The Vajrayogini Mantra


Lerab Ling, 6 November 2012

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The Vajrayogini Mantra

Lerab Ling, 6 November 2012

First thing in the morning on the day we were to celebrate Buddha’s descent from Tushita heaven where he had been teaching his mother – Lha bab duchen in the Tibetan tradition – Rinpoche decided it was time he played his part in promoting women’s rights. The fact that it was election day in the US might also have had something to do with it. The sadhana called the Three Roots needs to be practised every day in this drupchen, because Padma Khandro from the Seven Cycles is only a branch practice of this sadhana, in other words Padma Khandro is only one deity of this Three Root mandala, and this mantra is part of the Three Root sadhana. So, for whatever reason, during the 6am session of the Seven Profound Cycles of Padma Khandro, Rinpoche offered this very short teaching about the Vajrayogini mantra.

There are many women here today. Actually, I’m told that in the world today there are more women than men and that women have more power than men. Even His Holiness the Dalai Lama goes beyond promoting mere equality between men and women by saying that women are more important. So I too will give more importance to women.

Vajravarahi is the most important of all female deities. There are three planes of dakinis that fill the ‘space above’, ‘the ground in the middle’, and ‘below ground’. This world has sixty-four places of power: the twenty-four sacred places, the thirty-two sacred lands and the eight charnel grounds. Each one of these sixty-four places is presided over by a principal dakini, surrounded by hundreds of thousands of dakas and dakinis. The most important, or chief, or principal of all these dakinis is Vajravarahi.

On the absolute level, skilful means manifest in the form of male deities, such as Hayagriva, and wisdom manifests in female forms such as Vajravarahi.

The Sadhana of the Three Roots involves three mandalas – the mandala of the body, the mandala of the speech and the mandala of the mind. These three mandalas need explaining, but any yogis or yoginis among us today who practice Vajravarahi will know about them. When a number of different mandalas must be accomplished individually within a sadhana, there is a specific mantra for each of them. In this sadhana[1]From The Sadhana of the Three Roots, from the Seven Profound Teaching Cycle, edition for the Drupchen November 2012, Page 19., the syllable om is repeated three times at the beginning of the mantra, and the syllables hung and phat are recited three times at the end. So, when you practise each mandala separately, you should recite each part of the mantra independently.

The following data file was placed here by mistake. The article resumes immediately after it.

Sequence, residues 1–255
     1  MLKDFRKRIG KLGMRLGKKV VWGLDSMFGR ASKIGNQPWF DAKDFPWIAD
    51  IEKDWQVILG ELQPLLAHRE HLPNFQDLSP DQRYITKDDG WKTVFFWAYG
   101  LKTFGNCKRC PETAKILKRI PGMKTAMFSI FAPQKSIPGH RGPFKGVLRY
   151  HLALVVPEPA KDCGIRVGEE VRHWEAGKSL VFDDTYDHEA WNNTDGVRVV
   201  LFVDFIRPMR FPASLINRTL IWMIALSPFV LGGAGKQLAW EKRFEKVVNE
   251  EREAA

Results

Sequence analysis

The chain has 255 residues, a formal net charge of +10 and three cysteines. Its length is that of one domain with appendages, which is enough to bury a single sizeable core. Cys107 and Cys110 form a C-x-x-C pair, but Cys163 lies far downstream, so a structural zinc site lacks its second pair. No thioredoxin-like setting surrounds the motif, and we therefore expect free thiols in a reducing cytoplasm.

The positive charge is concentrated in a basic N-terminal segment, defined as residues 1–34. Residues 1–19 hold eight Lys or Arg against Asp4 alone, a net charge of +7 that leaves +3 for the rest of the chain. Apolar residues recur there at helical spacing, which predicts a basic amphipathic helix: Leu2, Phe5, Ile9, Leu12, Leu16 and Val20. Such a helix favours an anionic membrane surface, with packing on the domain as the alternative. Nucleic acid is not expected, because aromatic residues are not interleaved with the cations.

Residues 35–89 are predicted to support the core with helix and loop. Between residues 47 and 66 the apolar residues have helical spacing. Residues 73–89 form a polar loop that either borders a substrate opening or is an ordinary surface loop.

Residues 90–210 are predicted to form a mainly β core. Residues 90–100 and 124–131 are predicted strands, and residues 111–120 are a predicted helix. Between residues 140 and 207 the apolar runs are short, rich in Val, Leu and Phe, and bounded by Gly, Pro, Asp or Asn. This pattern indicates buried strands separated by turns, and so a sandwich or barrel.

How do we do this?

  • The first mantra is the mantra of the enlightened body of Vajravarahi, which is om sarva buddha dakini hung phat.
  • It is followed by the mantra of her enlightened speech, om benza warnaniye hung phat, at the end of which soha is added.
  • And finally, the mantra of her enlightened mind, which is om benza bairotsaniyé hung phat.

When they are all practised together, we recite the mantra as it appears in this practice:

om om om sarva buddha dakiniyé benza warnaniye benza bairotsaniyé hung hung hung phat phat phat soha

This mantra is the heart essence of all the dakinis residing within the mandalas of body, speech and mind. According to the Vajrayarahi Tantra, once you understand this, if you recite this mantra thirty-six times every day, as soon as you die you will be taken to Khechari’s heaven. This is why it would be good for all women – as women tend to like the female deities – to recite this mantra.

Translated by Gyurmé Avertin
Edited by Janine Schulz

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